Netflix review: Rian Johnson’s “Star Wars: Episode VIII – The Last Jedi” (2017)

With a hero from a desert planet who goes on to help destroy a galactic fascist’s superweapon, J.J. Abrams’s Star Wars: Episode VII – The Force Awakens (2015) can be read as a companion piece to George Lucas’s Star Wars: Episode IV – A New Hope (1977).

In a similar vein, Rian Johnson’s Star Wars: Episode VIII – The Last Jedi (2017) aims to be as game-changing a sequel as Irvin Kershner’s Star Wars: Episode V – The Empire Strikes Back (1980), but as it shoots for the moon, where does it land among the stars?

If you don’t know what to watch next, Star Wars: The Last Jedi is available to stream on Netflix. The epic space opera was nominated for four Academy Awards. The filmmaker also served as scriptwriter.

Rey (Daisy Ridley) arrives on the planet Ach-To to train in the Jedi arts with exiled Master Luke Skywalker (Mark Hammill) so she can defeat Kylo Ren (Adam Driver) and his master, Supreme Leader Snoke (Andy Serkis).

At the same time, Resistance pilot Poe Dameron (Oscar Isaac) flees a First Order dreadnought with a comatose General Leia Organa (Carrie Fisher) and Vice Admiral Amilyn Holdo (Laura Dern); Poe plans to fight, but Holdo plots an escape.

Poe sends former First Order stormtrooper Finn (John Boyega) and a mechanic named Rose Tico (Kelly Marie Tran) to Canto Bight to rendezvous with the hacker DJ (Benicio del Toro) so he can deactivate the First Order’s tracking device.

It is refreshing to see a popular entertainment franchise like Star Wars and all its self-contained stylistic formulae churn out a “critic’s film” to be deconstructed through an authorial lens.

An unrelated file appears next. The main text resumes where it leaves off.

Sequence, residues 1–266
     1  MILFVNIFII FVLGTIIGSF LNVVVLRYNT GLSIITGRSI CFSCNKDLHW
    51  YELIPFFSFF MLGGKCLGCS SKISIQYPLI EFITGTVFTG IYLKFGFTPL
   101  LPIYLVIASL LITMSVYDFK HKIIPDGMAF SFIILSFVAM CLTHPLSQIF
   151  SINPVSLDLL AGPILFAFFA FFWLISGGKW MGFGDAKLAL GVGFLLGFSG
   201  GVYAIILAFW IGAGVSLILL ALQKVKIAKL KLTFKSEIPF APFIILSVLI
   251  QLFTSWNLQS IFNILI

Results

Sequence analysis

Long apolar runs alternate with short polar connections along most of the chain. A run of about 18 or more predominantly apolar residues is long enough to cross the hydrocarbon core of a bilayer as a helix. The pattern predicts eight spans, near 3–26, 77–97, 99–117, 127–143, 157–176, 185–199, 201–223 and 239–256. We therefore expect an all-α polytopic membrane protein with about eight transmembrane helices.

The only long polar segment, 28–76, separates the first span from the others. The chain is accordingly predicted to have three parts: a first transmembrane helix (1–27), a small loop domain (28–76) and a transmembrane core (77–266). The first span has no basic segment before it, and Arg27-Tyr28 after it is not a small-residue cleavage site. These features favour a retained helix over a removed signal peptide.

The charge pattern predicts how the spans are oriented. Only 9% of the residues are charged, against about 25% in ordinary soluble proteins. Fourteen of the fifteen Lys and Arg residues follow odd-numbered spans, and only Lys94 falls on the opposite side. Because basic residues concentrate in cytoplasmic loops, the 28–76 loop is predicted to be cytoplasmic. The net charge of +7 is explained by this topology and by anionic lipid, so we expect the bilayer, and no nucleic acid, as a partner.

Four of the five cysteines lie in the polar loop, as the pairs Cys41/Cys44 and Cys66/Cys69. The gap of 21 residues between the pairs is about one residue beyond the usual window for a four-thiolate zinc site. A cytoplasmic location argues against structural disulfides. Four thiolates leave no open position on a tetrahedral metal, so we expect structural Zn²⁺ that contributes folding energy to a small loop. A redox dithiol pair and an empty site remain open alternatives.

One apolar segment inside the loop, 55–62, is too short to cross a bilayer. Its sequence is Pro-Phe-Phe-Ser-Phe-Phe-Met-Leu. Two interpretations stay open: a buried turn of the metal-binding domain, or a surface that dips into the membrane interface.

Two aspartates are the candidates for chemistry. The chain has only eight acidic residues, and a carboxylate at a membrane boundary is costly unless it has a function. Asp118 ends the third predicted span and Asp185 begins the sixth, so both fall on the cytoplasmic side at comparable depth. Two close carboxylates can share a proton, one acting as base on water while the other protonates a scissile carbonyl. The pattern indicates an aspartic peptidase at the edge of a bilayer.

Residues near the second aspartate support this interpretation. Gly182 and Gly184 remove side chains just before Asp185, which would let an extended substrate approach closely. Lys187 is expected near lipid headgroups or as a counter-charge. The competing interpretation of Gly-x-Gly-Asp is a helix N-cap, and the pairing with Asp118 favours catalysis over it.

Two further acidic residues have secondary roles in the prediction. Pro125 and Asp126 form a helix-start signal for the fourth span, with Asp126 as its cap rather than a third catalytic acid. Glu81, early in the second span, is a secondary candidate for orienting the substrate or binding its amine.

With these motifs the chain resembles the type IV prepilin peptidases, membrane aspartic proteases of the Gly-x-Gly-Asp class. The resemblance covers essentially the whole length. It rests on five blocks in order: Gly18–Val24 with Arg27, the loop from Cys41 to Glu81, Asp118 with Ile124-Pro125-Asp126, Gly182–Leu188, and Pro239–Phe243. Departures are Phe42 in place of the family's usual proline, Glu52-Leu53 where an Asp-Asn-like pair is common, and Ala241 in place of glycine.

From a postmodern context, it is the most thematically ambitious release in the saga (not to say “ambition” always translates to “success”), and it needed to be after The Force Awakens inaugurated the third trilogy with a beat-for-beat revisit to A New Hope.

If The Empire Strikes Back is most remembered for its “big reveal,” then The Last Jedi is defined by its subverted expectations.

That said, as a sequel to The Force Awakens, The Last Jedi fails to satisfy some of the foreshadowing introduced in its parent film. While this is intentional, dramatically, it’s still… well… unsatisfying.

Maybe these films would have better consolidated this experiment with the mainstream myth that is the Star Wars universe if the same director had shot both of them.

In any case, the overarching poetry of Star Wars is the past rhyming with the present, and using the Rotten Tomatoes audience reception score for a litmus test, The Last Jedi complements The Empire Strikes Back as the movie even more beloved than A New Hope, the one that started it all.

Author: Jack Trades, Master of Arts

Jack of all trades, MA, in multimedia content creation and marketing. I'm developing my blog site, Suspension of Disbelief, into a collection of daily short-form news posts about the industry and craft of writing to draw artists in with my words, then commune with them through flash analyses of creative works which inspired human progress, chapter by chapter. Please check out the links to my social channels for deep readings into each genre (fiction, nonfiction, drama, and poetry), as I showcase the critical skillset I cultivated from studying journalism and film theory at Colorado State University Fort Collins, in addition to professional creative nonfiction at the University of Denver. You and I will find the inspiration and the tools necessary to change the conversation about our dying world, save it from the ideologies which seek to exploit the global majority into extinction, and create a more beautiful peace. The revolution will not be televised.

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